Regional Reviews: San Jose/Silicon Valley
Sitting at a grand piano and surrounded by a twinkling Christmas tree and furniture, pictures, and relics recalling Irving Berlin's long life (all beautifully co-designed by the evening's star with Trevor Hay), Hershey Felder becomes Irving Berlin as a century of his life and of American history unfolds before us in songs and stories galore. Starting as a five-year-old escaping a Czar's pogrom in Tyumen, Russia, Mr. Felder as Berlin gives us a first-hand view of his journey across the turbulent Atlantic to the moment he sees Lady Liberty, a sight that affects him, his sense of patriotism, and his music for the rest of his life. We hear him as he buskers in the streets of the Bowery to earn pennies for his parents, as he graduates to be a singing waiter (a moniker that will stay with him for years in New York gossip headlines), and as he publishes his first song as a teenager in New York's Chinatown, "Marie from Sunny Italy." But at 23 when he publishes "Alexander's Ragtime Band" ("Funny thing, it was actually a march," we hear), Berlin's career begins a celestial journey of glorious hit after hit, with Irving Felder giving us both the background story and the song as sung by the master himself in a voice that has the 1920s, '30s, and '40s joyful intonations we now only hear through in recordings and films.
The insights we gain of Berlin are by the dozens as the evening progresses. Berlin's humor is delightful ("I can only play in one key, F# ... Black keys, they stand out"). We learn his songs came from his everyday experiences ("Every time I can turn a popular idea into a musical number, I win") and from the grief of a number of family deaths ("I don't like being alone, so the safest place for me to be is to stay in a song"). Songs become the gifts he gives to a bride ("Always") or to a baby daughter ("Blue Skies"), but as we listen to our on-stage Berlin croon such tunes, it is obvious they are actually gifts that keep giving to all of us.
When at the piano as Berlin, Mr. Felder's fingers fly lightly across the keyboard with speed and spark while his voice often floats in dreamy melodic ease on such tunes as "What'll I Do?" Rarely looking at the keys themselves, he instead keeps almost constant eye contact with his audience as if we are in fact in his living room visiting and chatting as friends. On occasion, our Berlin jumps from the stool and lovingly wanders over to an empty chair to interact with his wife, or enthusiastically runs to show us a picture or to tell us a funny story at stage's edge.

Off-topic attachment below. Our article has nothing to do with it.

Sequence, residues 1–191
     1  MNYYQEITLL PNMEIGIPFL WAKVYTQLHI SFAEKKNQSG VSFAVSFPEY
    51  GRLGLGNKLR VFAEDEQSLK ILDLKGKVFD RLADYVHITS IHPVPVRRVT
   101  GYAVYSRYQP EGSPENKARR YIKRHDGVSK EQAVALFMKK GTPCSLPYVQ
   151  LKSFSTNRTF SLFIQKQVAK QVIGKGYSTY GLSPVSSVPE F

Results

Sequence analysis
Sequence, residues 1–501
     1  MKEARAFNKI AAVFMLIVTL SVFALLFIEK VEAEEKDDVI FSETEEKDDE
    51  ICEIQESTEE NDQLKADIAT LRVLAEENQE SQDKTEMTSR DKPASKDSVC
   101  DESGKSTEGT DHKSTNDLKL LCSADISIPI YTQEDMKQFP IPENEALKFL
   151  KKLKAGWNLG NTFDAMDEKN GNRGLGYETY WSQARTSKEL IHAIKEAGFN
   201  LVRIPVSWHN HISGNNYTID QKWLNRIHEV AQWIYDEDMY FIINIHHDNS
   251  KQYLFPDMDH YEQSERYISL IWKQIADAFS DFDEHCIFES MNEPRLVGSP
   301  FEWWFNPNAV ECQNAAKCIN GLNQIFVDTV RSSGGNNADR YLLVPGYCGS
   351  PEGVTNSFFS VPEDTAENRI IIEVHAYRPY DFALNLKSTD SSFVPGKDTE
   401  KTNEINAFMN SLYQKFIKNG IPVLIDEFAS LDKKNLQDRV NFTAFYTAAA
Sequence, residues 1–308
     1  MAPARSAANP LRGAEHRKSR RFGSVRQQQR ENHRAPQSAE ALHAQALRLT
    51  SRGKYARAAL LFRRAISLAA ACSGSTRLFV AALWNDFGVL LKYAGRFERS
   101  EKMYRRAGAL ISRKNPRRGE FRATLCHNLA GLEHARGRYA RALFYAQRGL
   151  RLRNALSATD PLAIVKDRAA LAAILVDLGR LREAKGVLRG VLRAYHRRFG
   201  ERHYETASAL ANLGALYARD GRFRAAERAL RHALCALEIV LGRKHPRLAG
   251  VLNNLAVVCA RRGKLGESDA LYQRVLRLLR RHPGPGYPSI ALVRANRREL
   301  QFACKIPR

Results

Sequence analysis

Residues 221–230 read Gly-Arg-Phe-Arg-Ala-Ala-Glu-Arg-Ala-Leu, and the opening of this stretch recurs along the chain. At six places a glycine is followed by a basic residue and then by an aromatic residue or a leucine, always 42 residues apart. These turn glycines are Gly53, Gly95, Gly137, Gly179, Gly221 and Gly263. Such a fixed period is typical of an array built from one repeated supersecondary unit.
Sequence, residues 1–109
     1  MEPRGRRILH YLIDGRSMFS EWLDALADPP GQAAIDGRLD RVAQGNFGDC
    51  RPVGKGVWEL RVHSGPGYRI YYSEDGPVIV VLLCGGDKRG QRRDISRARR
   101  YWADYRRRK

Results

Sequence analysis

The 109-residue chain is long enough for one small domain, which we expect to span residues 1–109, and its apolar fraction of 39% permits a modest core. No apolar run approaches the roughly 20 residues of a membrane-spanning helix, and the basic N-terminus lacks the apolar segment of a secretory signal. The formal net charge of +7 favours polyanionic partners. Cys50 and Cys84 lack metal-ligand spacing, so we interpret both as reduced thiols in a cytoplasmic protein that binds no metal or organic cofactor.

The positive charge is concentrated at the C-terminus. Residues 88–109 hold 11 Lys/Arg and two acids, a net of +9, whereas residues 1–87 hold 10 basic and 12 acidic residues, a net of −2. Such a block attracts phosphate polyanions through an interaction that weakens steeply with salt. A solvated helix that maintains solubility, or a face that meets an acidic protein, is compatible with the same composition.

Some of the best moments of the evening are the many both familiar and less familiar people we get to meet who were big parts of Irving Berlin's career. From the distinct, back-throated singing of Al Jolson in the first-ever sound film (The Jazz Singer) to the blasting voice of the great Ethel Merman ("Like writing for a steamship fog horn"), Messieurs Felder and Berlin keep us in fascinated stitches as we hear songs sung in and by the voices of the famous. Sometimes supplemented by projected films of old, sometimes with our Berlin playing and singing along to recorded music, and often just becoming those voices himself, Mr. Felder walks us through a treasury full of those who sang Berlin's hits. Particularly touching is his rendition of the great Ethel Waters belting in passionate pain and then whispering in reflecting sadness, "Supper time ... and my man ain't coming home no more," a song from a 1933 Broadway musical when Berlin dared star a black woman on Broadway singing about her husband who had been lynched.
For all that has been revealed about the evening, the above is only a glimpse what Mr. Felder presents to the audience. Dozens of songs (some of which the audience is encouraged to sing themselves), anecdotes that change by the minute, and a parade of personalities who come to life on the stage fill the ninety minutes with what could be hours of entertainment in any other show. Supplemented by incredibly well-done projections and film clips by Andrew Wilder and Lawrence Siefert and by beautifully effective lighting design by Richard Norwood, Trevor Hay directs Mr. Felder's flow of almost one hundred years with seamless ease and perfection.
To be entertained while also learning so much history about the man behind the many songs that run in their entirety through any of our heads at the mere mention of a titlethat is a gift. As Berlin reveals to us at the end of the evening, "I wrote for you ... above all, for you." Thank you, Hershey Felder and TheatreWorks Silicon Valley, for this gift.
Hershey Felder as Irving Berlin continues through February 14, 2016, in production by TheatreWorks Silicon Valley at the Mountain View Center for the Performing Arts, 500 Castro Street, Mountain View. Tickets are available online at http://www.theatreworks.org or by calling 650-463-1960, Monday - Friday 11 a.m. - 6 p.m. and Saturday - Sunday, Noon - 6 p.m.